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Lunar Elephant Hide Texture Characterization

Presentation #207.01 in the session Moon & Earth II (Oral Presentation)

Published onOct 23, 2023
Lunar Elephant Hide Texture Characterization

“Hummocky” textures in the regolith are relatively common on the Moon, especially on moderately steep to gentle slopes in the lunar highlands. Informally known as “elephant hide texture” (EHT), these regolith patterns composed of meters-to-decameters-scale lobate features are best explained by downslope transport of loose regolith [1–5]. While previous workers show EHT occurs on slopes steeper than 5–8°, regardless of latitude and slope orientation [5, 6], a full understanding of the conditions necessary for the formation of EHT is still lacking.

For our study, we digitized EHT morphology at the meter scale on terrains with ancient well-developed highland soils (Pre-Nectarian to Nectarian) where EHT is most commonly observed. Using five Lunar Reconnaissance Orbiter Camera (LROC) NAC (Narrow Angle Camera) Digital Terrain Models (DTMs) spaced ~20° latitude apart, we test how EHT varies under slope and temperature regimes. We sampled 1 km2 areas (roughly 200 EHT lobes) within each NAC orthophoto where EHT was visible on slopes 1–30°. The sinuous morphology (or shadows) between lobes were mapped at the pixel scale of each orthophoto.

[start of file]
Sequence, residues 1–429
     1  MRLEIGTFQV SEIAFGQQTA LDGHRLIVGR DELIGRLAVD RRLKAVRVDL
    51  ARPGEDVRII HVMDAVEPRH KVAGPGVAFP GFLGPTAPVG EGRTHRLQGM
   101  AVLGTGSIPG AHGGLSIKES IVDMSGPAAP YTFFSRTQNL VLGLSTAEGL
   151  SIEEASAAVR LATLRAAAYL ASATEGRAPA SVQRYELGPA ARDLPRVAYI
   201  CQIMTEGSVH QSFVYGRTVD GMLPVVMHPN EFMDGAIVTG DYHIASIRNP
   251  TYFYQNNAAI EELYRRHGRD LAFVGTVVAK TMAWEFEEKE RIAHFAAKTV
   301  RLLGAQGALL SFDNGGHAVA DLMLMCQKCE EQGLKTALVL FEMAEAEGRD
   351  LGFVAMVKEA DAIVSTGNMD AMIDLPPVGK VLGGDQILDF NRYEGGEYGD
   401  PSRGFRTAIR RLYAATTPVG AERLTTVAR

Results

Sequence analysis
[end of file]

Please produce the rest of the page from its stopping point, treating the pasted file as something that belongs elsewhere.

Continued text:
We compared lobe locations to the corresponding LROC NAC DTM slope map as well as overlapping low-sun (71–88° incidence) NAC images at similar pixel scales to the orthophoto to ensure the features were reproducible. The Minimum Bounding Geometry Tool in ArcMap was used to fit a rectangle around each lobe to obtain maximum length and width values. The Zonal Statistics tool was used to gather slope data from each EHT lobe.

Our preliminary data show that maximum lobe length and width ratios for EHT are similar across all latitude bins, but overall lobe size appears locally controlled. Each region has self-similar lobe size, but average lobe size varies region to region. More data collection is needed to further constrain the relationship between EHT and slope. In future work, we plan to map EHT as a function of age and composition to understand EHT variations with regolith nature and thickness.

[1] Runcorn and Urey, 1972. Springer, [2] Plescia and Robinson, 2010. EPSC, 731. [3] Plescia and Cintala, 2012. JGR Planets, 117, E12. [4] Xiao et al. 2013. Earth Planet. Sci. Lett. 376, 1–11. [5] Kreslavsky et al. 2021. LPSC 52, #1826. [6] Bondarenko et al. 2022. LPSC 53, #2469.

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